An increasing frequency of downpours, on top of already locally heavy June rainfall, will raise the threat of flooding in part of the eastern third of the nation into the first week of July.
Initially, downpours will tend to be isolated and flooding will be limited to urban, poor drainage areas and right along small streams.
However, as the pattern continues to evolve and a swath of tropical downpours stalls in the region, flooding problems can become more extensive and common.
Some communities in the Midwest got a taste of what such a weather pattern can deliver Tuesday night into early Wednesday. Later Wednesday, flooding extended into parts of Pennsylvania and upstate New York.
The system from the Midwest will stall in the East and change its orientation from west to east to more southwest to northeast.
Runoff from additional rounds of heavy of rain, on a daily basis in some cases, could push rivers to high levels and perhaps minor flooding in the days ahead.
A stream of moisture from the Gulf of Mexico, Caribbean and the Atlantic will converge and may be compressed into bands of intense rainfall or a firehose effect. Downpours can repeat for hours and shift back and forth over states and counties therein from Florida to Georgia, the Carolinas, the Virginias, Delmarva, Pennsylvania, New York, New Jersey and New England.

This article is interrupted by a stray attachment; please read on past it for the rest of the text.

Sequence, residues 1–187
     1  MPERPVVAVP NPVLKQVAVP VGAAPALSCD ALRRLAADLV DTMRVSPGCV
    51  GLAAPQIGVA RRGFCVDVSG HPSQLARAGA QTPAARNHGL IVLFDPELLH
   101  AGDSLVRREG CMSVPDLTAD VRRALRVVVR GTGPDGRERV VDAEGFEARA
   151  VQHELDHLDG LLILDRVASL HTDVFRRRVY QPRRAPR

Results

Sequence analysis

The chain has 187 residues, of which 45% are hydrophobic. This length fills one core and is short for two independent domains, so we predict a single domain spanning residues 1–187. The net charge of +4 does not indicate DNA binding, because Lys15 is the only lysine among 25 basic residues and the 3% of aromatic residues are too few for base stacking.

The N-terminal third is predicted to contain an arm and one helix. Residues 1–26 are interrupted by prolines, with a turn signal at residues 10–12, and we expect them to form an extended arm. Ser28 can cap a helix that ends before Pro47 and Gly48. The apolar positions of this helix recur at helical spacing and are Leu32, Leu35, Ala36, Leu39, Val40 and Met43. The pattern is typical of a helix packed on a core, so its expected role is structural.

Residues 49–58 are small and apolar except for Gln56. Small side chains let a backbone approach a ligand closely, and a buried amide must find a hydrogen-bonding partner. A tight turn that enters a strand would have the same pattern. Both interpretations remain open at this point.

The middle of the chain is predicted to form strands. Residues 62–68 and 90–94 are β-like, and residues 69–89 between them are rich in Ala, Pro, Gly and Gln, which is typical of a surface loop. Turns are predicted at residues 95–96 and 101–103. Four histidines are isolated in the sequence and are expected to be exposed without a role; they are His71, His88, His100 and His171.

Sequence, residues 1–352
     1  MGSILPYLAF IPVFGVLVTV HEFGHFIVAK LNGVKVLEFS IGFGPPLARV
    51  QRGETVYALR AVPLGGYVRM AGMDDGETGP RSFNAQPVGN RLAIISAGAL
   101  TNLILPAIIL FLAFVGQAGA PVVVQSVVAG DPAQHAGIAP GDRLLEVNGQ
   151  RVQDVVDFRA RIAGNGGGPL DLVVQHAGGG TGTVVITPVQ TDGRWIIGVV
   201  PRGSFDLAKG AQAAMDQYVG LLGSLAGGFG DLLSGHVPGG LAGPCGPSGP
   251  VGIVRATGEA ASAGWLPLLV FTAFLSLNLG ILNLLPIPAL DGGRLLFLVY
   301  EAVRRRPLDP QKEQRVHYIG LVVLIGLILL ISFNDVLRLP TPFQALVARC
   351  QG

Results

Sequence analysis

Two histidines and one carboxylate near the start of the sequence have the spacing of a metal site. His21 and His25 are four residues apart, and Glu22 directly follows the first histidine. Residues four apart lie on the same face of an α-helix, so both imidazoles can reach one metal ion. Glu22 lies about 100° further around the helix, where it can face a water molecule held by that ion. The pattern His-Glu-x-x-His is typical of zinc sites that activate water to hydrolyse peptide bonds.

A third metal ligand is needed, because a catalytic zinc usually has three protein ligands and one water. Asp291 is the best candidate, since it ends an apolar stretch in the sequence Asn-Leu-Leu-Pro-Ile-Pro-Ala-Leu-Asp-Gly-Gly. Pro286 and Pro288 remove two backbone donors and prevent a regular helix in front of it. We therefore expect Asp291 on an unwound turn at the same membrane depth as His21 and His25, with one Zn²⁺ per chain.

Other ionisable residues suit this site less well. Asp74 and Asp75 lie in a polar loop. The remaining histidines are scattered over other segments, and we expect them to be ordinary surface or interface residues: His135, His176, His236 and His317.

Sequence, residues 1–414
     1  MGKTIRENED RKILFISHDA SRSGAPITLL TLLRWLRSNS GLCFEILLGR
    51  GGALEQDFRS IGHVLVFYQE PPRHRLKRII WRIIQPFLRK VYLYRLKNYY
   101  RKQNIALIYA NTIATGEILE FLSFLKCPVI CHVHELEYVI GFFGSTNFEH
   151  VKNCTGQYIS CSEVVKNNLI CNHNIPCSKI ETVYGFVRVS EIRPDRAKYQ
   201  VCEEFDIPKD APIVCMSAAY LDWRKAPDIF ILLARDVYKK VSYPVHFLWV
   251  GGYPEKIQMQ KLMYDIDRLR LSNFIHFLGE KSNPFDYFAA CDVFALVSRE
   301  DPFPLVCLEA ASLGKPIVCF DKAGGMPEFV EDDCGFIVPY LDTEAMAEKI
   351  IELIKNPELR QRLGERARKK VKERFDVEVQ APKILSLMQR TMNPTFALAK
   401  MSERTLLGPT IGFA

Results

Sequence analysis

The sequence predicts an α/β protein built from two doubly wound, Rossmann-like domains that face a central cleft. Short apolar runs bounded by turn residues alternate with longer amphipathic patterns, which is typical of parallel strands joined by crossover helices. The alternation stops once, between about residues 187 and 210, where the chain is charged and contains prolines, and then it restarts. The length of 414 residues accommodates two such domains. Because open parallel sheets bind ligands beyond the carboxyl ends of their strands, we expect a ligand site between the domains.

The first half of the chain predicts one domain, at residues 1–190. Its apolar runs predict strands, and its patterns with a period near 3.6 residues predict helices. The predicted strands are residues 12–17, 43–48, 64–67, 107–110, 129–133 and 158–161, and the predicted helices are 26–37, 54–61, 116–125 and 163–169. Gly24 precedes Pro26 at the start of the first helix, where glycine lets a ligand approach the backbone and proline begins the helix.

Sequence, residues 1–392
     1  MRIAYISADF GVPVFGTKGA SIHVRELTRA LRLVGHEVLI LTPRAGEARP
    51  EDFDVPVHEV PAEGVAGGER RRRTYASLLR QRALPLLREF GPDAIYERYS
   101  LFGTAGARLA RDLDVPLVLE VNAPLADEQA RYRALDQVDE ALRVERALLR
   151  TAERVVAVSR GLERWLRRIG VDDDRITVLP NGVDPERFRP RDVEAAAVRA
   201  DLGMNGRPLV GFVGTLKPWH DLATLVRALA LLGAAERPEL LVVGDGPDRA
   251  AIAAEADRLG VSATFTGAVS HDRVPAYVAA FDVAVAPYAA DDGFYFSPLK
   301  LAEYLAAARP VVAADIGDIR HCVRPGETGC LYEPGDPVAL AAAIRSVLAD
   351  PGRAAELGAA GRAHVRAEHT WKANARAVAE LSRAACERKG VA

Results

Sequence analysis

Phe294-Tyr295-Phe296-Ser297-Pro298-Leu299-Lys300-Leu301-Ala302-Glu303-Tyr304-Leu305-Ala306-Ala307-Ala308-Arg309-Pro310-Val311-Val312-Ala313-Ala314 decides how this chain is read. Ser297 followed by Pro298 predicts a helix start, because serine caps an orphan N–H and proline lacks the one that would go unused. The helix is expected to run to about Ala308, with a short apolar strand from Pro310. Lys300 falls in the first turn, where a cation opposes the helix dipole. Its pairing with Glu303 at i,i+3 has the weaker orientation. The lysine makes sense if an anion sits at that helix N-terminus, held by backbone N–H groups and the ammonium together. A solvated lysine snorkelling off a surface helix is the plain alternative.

In the fire hose effect, some days areas right along the coast will be hit and other days locations near I-95 or the Piedmont or Appalachians can be targeted.
A Bermuda high over the Atlantic and a building zone of high pressure in the West will create the swath of potentially flooding rainfall over the eastern third of the nation.
While rain will slice through portions of the Midwest and Northeast this week, it will interrupt the stretch of dry weather in store for most locations only briefly.
While waters will be slow to recede across flood-ravaged South Carolina, a stretch of dry weather will provide favorable conditions for cleanup efforts across the region.
One potential path for Joaquin will have the post-tropical cyclone reaching Ireland as early as Saturday.
Joaquin remains on track to make Europe its final destination with a part of the British Isles and western Europe first facing potential impacts this weekend.
The next round of rain for the Washington, D.C., and Baltimore areas will be at the end of the week into the start of the weekend.
Despite Hurricane Oho not making landfall across Hawaii, rough surf will rattle the islands into Friday.
Rotterdam, Netherlands (1981)
An F-28 airliner crashed, killing all aboard after apparently traversing a tornado shortly after take-off.
Honolulu, HI (1984)
Temperatures climbed to 94 degrees, establishing an all-time record high for October.
Jeddah, Saudi Arabia (1992)
109 degrees - an all time October record.